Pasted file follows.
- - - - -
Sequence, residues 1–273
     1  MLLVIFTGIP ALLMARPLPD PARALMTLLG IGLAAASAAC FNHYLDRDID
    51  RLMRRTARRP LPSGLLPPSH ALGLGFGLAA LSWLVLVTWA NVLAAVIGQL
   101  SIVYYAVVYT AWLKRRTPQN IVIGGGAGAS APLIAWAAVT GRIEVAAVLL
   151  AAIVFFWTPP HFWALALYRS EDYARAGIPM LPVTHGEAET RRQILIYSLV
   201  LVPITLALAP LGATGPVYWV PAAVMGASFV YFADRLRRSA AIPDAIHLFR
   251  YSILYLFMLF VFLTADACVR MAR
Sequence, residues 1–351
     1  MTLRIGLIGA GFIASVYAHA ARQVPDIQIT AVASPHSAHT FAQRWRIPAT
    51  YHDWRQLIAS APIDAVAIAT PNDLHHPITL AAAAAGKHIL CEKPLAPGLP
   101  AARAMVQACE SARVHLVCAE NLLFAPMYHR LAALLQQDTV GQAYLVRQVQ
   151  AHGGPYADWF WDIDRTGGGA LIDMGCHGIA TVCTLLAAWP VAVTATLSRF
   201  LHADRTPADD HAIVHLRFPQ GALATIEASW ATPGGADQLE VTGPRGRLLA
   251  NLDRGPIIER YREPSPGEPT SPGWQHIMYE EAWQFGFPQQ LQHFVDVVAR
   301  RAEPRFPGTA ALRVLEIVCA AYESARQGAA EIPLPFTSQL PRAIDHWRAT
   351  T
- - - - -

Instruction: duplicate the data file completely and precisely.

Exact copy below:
Sequence, residues 1–273
     1  MLLVIFTGIP ALLMARPLPD PARALMTLLG IGLAAASAAC FNHYLDRDID
    51  RLMRRTARRP LPSGLLPPSH ALGLGFGLAA LSWLVLVTWA NVLAAVIGQL
   101  SIVYYAVVYT AWLKRRTPQN IVIGGGAGAS APLIAWAAVT GRIEVAAVLL
   151  AAIVFFWTPP HFWALALYRS EDYARAGIPM LPVTHGEAET RRQILIYSLV
   201  LVPITLALAP LGATGPVYWV PAAVMGASFV YFADRLRRSA AIPDAIHLFR
   251  YSILYLFMLF VFLTADACVR MAR
Sequence, residues 1–351
     1  MTLRIGLIGA GFIASVYAHA ARQVPDIQIT AVASPHSAHT FAQRWRIPAT
    51  YHDWRQLIAS APIDAVAIAT PNDLHHPITL AAAAAGKHIL CEKPLAPGLP
   101  AARAMVQACE SARVHLVCAE NLLFAPMYHR LAALLQQDTV GQAYLVRQVQ
   151  AHGGPYADWF WDIDRTGGGA LIDMGCHGIA TVCTLLAAWP VAVTATLSRF
   201  LHADRTPADD HAIVHLRFPQ GALATIEASW ATPGGADQLE VTGPRGRLLA
   251  NLDRGPIIER YREPSPGEPT SPGWQHIMYE EAWQFGFPQQ LQHFVDVVAR
   301  RAEPRFPGTA ALRVLEIVCA AYESARQGAA EIPLPFTSQL PRAIDHWRAT
   351  T